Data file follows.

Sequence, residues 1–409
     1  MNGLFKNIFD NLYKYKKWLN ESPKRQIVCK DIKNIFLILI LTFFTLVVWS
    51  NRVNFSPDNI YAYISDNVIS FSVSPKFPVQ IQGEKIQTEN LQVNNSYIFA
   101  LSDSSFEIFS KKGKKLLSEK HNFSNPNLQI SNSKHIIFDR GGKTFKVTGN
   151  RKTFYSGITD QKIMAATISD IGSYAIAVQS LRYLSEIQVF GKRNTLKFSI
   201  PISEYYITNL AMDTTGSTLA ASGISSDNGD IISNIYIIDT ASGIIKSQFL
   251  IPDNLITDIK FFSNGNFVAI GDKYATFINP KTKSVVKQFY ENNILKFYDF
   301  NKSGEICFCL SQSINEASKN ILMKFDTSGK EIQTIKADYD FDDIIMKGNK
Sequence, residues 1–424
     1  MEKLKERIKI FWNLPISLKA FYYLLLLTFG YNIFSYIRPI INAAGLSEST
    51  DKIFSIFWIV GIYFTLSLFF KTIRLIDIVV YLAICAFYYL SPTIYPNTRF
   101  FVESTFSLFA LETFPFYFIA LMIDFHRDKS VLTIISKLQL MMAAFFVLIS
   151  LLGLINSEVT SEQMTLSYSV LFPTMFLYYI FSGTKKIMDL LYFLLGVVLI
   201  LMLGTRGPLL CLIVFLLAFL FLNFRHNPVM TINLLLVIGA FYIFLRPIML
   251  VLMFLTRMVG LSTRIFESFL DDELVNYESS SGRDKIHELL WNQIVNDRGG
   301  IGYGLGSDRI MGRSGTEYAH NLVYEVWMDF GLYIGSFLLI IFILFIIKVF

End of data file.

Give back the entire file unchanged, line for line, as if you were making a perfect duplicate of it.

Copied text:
Sequence, residues 1–409
     1  MNGLFKNIFD NLYKYKKWLN ESPKRQIVCK DIKNIFLILI LTFFTLVVWS
    51  NRVNFSPDNI YAYISDNVIS FSVSPKFPVQ IQGEKIQTEN LQVNNSYIFA
   101  LSDSSFEIFS KKGKKLLSEK HNFSNPNLQI SNSKHIIFDR GGKTFKVTGN
   151  RKTFYSGITD QKIMAATISD IGSYAIAVQS LRYLSEIQVF GKRNTLKFSI
   201  PISEYYITNL AMDTTGSTLA ASGISSDNGD IISNIYIIDT ASGIIKSQFL
   251  IPDNLITDIK FFSNGNFVAI GDKYATFINP KTKSVVKQFY ENNILKFYDF
   301  NKSGEICFCL SQSINEASKN ILMKFDTSGK EIQTIKADYD FDDIIMKGNK
Sequence, residues 1–424
     1  MEKLKERIKI FWNLPISLKA FYYLLLLTFG YNIFSYIRPI INAAGLSEST
    51  DKIFSIFWIV GIYFTLSLFF KTIRLIDIVV YLAICAFYYL SPTIYPNTRF
   101  FVESTFSLFA LETFPFYFIA LMIDFHRDKS VLTIISKLQL MMAAFFVLIS
   151  LLGLINSEVT SEQMTLSYSV LFPTMFLYYI FSGTKKIMDL LYFLLGVVLI
   201  LMLGTRGPLL CLIVFLLAFL FLNFRHNPVM TINLLLVIGA FYIFLRPIML
   251  VLMFLTRMVG LSTRIFESFL DDELVNYESS SGRDKIHELL WNQIVNDRGG
   301  IGYGLGSDRI MGRSGTEYAH NLVYEVWMDF GLYIGSFLLI IFILFIIKVF